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Brandon Bass is diving in

To help Boys & Girls Club inspire city youths, Celtics forward learning how to swim

Celtics forward Brandon Bass begins swimming lessons in Waltham Friday along with youths from the Boys and Girls Club.Lane Turner/Globe Staff/Boston Globe

Heading into his third season as a member of the Boston Celtics, Brandon Bass is in top physical shape. At 6-foot-8 and 260 pounds, he is nothing but muscle and can shoot, block, rebound, and steal the ball with the best of them.

But there’s one thing that 6-year-old Brandon Bass Jr. can beat his daddy at: swimming.

“My son’s the first one in the family to learn how to swim,” says Bass, a 28-year-old Celtics forward. “If you threw me out in the ocean, I would drown.”

But Bass is getting ready to change that. On Friday, he will get into the Boston Sports Club swimming pool in Waltham, the shallow end, with 10 children from the Boys & Girls Club of Boston. Together, Bass and the children will take their first swimming lesson. He will continue lessons with them for as long as his Celtics schedule permits, and when it does not, he says he will take private lessons until he learns to swim.

Though he is volunteering his time to help children conquer their fear of swimming, Bass has fears of his own. “I’m nervous, because I don’t know how to float,” he says. “I can’t tread water.”


Bass grew up in Baton Rouge, La., with no real place to swim and with friends, a brother, and parents who did not swim either. When he was a child, a neighbor his age drowned, and the memory has stayed with him.

It was a child’s drowning death in summer 2011 that got the Boys & Girls Club thinking about a swimming program for the inner-city youth, mostly black and Hispanic, which it serves.

Boston Celtics forward Brandon Bass, shown during an April game, is taking part in a Boys & Girls Club program to help teach city kids to swim. Bass grew up in Louisiana with no real place to swim and no one around him who did. His two children have already taken swimming lessons. Barry Chin/Globe Staff/File

“You always hear horrendous stories in summertime about kids drowning,” says Jerry Steimel, the club’s executive director of operations. “In 2011, a boy drowned in a pond in Maine, and the director of the Portland Boys & Girls Club called me and asked what we were doing about water safety.”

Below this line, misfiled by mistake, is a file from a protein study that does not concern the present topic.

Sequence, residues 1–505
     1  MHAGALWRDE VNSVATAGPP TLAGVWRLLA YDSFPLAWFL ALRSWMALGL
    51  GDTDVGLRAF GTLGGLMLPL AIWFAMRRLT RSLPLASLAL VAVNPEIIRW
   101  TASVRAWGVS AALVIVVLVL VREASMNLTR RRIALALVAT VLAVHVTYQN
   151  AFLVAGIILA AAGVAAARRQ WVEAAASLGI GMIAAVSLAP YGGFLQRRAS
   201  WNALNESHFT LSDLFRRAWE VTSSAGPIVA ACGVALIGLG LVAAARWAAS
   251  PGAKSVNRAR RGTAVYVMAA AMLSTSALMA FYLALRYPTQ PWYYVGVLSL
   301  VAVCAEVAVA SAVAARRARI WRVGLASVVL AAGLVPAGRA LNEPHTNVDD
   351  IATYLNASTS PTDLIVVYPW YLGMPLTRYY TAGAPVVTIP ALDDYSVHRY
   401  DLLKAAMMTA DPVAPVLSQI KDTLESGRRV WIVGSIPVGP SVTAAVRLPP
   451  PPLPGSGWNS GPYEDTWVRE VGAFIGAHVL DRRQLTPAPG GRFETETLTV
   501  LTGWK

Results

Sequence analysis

The answer: not enough. Steimel and his staff spoke to several Boys & Girls Club alumni who had participated in club programs for 12 years and did not know how to swim. “We felt like we weren’t doing our best job if we weren’t teaching this basic life skill,” says Steimel.

In fall 2011, staff began to swim-test members. Of the 2,344 children between ages 6 and 18 tested, almost 70 percent failed.

It is not just a local problem. According to the nonprofit USA Swimming Foundation, 70 percent of black children and 60 percent of Hispanic children do not know how to swim, compared with 40 percent of white children. Drowning is the second leading cause of death for children under the age of 14.

The Boys & Girls Club hired several swim instructors for the six pools it uses. “It’s an essential skill,” says Josh Kraft, president and chief executive of the Boys & Girls Club of Boston. “You could be walking on a river bank and slip and fall into 5 feet of water and drown.”

Something like that happened to Celtics forward Jeff Green when he was a boy.

“I slipped on wet pavement on the outside edge of a pool and fell in, panicked, and almost drowned,” says Green, 27. “I want to learn to swim before I have kids, and I want them to learn. I think it’s just a skill that kids and people in general should have. Whether a family vacation, or just with friends, a lot of activities take place near water.”


Bass’s dual motivations are his kids, Brandon Jr. and 20-month-old Bella. “Brandon was jumping into the water at 2 years old,” he says. “I had to get him little floaties for his arms.”